He was forced to transition to a corner outfield role to replace an injured Shane Victorino in 2014 and did not produce very much at all offensively. The former first-rounder from the University of South Carolina slashed .198/.265/.266 with 1 HR and 30 RBI’s in 423 plate appearances. However, the most concerning statistic of all was Bradley’s 121 strikeouts.
In 2015 it seemed as if Bradley was going to be a bust, until we got to see what he was capable of in August. That month arguably saved Bradley’s Red Sox career and gave the front office confidence in his abilities.
By the start of the 2016 season the decision was made to shift Mookie Betts to right field and slot Bradley as the everyday center fielder. At the plate he opened the season scorching hot, batting .331 with 9 HR and 37 RBI through April and May. He also recorded a hit in every game from April 24th to May 25th, resulting in his 29-game hit streak.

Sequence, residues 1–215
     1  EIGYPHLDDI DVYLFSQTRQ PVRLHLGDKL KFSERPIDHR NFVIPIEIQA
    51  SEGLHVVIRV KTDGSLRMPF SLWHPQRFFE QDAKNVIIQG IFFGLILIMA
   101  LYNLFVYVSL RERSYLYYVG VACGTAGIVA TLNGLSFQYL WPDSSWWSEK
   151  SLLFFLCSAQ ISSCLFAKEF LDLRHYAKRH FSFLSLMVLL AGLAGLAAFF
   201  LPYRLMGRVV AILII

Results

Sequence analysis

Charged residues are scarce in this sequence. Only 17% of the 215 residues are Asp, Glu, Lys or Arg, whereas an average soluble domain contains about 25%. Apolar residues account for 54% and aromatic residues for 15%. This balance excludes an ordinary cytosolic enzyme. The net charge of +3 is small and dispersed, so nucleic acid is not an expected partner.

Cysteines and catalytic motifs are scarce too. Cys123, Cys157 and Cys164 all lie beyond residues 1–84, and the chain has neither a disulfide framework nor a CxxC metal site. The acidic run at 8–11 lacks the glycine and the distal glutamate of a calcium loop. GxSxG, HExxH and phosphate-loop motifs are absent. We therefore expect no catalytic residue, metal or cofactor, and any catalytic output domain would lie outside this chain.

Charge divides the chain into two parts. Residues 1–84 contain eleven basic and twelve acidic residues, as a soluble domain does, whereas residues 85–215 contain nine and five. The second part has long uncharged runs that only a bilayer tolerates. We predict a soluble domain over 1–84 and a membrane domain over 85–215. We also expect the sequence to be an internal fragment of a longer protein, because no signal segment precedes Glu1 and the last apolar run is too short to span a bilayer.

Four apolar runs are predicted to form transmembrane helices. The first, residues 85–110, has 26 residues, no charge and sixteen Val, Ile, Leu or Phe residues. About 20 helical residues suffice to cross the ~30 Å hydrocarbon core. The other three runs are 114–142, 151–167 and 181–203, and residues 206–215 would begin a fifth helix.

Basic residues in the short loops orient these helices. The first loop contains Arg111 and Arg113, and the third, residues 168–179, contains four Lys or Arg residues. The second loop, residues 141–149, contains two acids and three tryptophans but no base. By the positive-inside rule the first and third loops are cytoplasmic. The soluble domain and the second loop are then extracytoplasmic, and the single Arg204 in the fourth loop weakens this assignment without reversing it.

It is clear to see that Bradley was more confident in his abilities right from the get go in 2016. Confidence and comfort is huge in any sport or any facet of life and for Bradley it made him feel more welcome with the Boston Red Sox.
“I think this year was where I actually developed very strong bonds and close-knit relationships with people, not saying I didn’t have that before, but as a whole I was able to put everything together.” said Bradley.
Now that Bradley has a couple of big league seasons under his belt, he will be expected to perhaps step into more of a leadership role. This past season he hit .267 with 26 HR and 87 RBI and was awarded the Gold Glove Award for his stellar defense.
The expectation now is that Bradley will have a more consistent bat and hopefully hit around .300. Defensively, there is little to critique, except the fact that he could have a more accurate throwing arm.
Since 2016 was a year of getting comfortable and confident, 2017 should be a year of expressing that confidence, and making younger and newer members of the team feel the same way – and hopefully a lot of dancing!